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Accounting & Audit

How to Help Restaurant Clients Achieve Financial Success

With the average profit for full-service restaurants falling below 7 percent, the accountant has an important role to play when it comes to guiding their clients.

By Izzy Kharasch.

The restaurant/hospitality business is a business of pennies. With the average profit for full-service restaurants falling below 7 percent, the accountant has an important role to play when it comes to guiding their clients. Honesty and some hard truths are what your restaurant clients need and what they deserve.

As a restaurant consultant, I work with owners and managers on operations, ordering, staffing and menus. I can also look at a set of financials and, without knowing anything else about the business, spot potential problems, such as liquor costs that seem out of whack.

Very often, I am privileged to meet with not only the owners, but with their accountants as well. Just a few days ago, I spent a few hours with a client and their accounting firm going over the numbers for the past 11 months.

I ended up thinking what I often think during these meetings: The client needed to share more information with the accountant, thereby getting better, more definitive numbers. And the accountant could have alerted the client to areas of concern, thereby allowing for corrective action to be taken earlier.

In this article I’ll give some examples of how restaurant owners and accountants can work together more effectively.

 What your clients aren’t telling you

The top example of what a client typically doesn’t tell their accountant is if they are in some way “hiding” cash or cash transactions. This is certainly a tough situation because many times the client doesn’t understand that, by not showing accurate income, all their costs will appear higher. 

The next area where the client may not discuss pertinent information with their accountant is comps. Usually, I see comps on the P&L listed on one or two lines. What the owner may not understand is that the more detail that we have in terms of comps, the better we can catch theft or abuse in the comp category.

Often, I find that the comps are excessive, and if we had more detail, we would have discovered that our staff all had the code to comp friends, family or high-tipping guests. In my recent meeting with my clients and their accountants, we discovered that comps had gone from $1,000 per month to over $5,000 per month!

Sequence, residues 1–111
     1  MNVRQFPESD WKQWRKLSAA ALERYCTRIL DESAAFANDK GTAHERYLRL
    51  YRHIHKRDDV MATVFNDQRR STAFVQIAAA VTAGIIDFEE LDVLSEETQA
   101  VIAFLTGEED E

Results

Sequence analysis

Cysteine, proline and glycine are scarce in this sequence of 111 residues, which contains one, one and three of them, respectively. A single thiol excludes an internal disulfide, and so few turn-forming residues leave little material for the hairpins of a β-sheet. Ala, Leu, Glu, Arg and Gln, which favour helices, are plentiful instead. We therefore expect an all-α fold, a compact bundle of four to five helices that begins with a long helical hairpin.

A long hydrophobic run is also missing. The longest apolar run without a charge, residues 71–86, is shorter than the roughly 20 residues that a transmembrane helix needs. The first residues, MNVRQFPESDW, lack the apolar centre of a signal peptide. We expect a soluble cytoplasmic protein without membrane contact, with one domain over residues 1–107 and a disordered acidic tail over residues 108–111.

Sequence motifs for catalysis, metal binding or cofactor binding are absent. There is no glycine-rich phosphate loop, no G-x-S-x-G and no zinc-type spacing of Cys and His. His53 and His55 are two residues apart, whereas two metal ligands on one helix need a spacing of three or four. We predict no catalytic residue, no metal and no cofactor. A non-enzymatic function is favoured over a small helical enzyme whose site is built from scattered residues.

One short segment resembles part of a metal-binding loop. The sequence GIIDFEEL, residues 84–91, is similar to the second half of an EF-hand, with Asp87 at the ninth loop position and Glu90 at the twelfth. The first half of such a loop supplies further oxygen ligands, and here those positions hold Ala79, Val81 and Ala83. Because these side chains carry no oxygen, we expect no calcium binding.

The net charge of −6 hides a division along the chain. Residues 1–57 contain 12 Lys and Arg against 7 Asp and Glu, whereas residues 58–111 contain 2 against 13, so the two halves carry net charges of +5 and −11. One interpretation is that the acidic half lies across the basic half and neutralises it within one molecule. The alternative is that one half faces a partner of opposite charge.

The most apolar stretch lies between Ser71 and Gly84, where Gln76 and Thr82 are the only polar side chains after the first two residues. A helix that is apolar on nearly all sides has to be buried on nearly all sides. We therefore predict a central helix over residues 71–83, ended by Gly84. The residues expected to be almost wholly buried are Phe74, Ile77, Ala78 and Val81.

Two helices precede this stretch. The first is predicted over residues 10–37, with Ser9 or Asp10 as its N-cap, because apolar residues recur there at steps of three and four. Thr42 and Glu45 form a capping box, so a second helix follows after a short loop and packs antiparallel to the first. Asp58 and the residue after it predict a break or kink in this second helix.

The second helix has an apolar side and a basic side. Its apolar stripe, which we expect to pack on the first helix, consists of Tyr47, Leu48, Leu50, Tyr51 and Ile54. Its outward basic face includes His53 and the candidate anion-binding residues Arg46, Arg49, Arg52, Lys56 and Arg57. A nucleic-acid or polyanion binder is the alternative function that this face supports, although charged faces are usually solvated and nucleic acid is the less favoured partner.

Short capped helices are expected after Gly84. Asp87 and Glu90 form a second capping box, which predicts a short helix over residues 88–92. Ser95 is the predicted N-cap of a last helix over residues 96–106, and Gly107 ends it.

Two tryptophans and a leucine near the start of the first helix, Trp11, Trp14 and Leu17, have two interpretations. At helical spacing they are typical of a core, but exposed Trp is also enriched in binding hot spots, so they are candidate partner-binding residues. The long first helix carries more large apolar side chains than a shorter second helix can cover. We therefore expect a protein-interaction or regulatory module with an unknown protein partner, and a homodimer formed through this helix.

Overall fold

My advice: Push your clients to give you substantially more detail so that you can advise them better.

A different angle on the accountant/client relationship

When I do training for service staff in restaurants, I discuss with them the two types of servers they can be: an order taker or professional server.

The order taker goes to the table and says, “What can I get you today?” The professional server says “My name is Diane and I’ll be helping you this evening. You are really going to love our food and cocktails! Let me tell you about my favorites, and then I’ll start you off with an incredible drink and appetizer!”

I’m looking for something similar from the accounting team.

Rather than “here are your numbers,” I’m looking for the accountant to say, “Here are your numbers, and I identified four areas of concern. Let’s discuss a strategy to fix the problems.”

Certainly, you will want to point out what is good in the report, but more importantly you need to focus on what is going wrong and drive the conversation about why they’re losing money or why the profits are half of what they should be. (Comps maybe?)

How I choose an accountant for my clients

Very often I help my clients hire their accountants. The key driver for me is the firm that says, “We will spend time with you reviewing and explaining your financials. In addition, we are going to give you ideas on how to improve you position by focusing on food costs, labor costs, beverage costs and profitability.”

I think another thing that the accountant can do is to lay out the financials and P&L in an easy-to-understand presentation. By this I mean that, in addition to the numbers, percentages need to be in place. By doing this, you as the accountant can speak to the customer about their percentages compared to industry averages or your other industry-comparable clientele.

The best accountants that I work with guide their restaurant/hospitality clients by driving the conversation to two areas:

1.       You are losing money.

2.       Here is why you are losing money.

Essentially they are saying, “We are not order takers. We are the professionals who will help you drive your business forward!”


Izzy Kharasch is president and founder of Hospitality Works, Inc., a bar and restaurant consulting company. Over the last 30 years, Izzy has helped more than 700 food service operations worldwide improve their operations and profits. He can be reached at 224-688-3512 and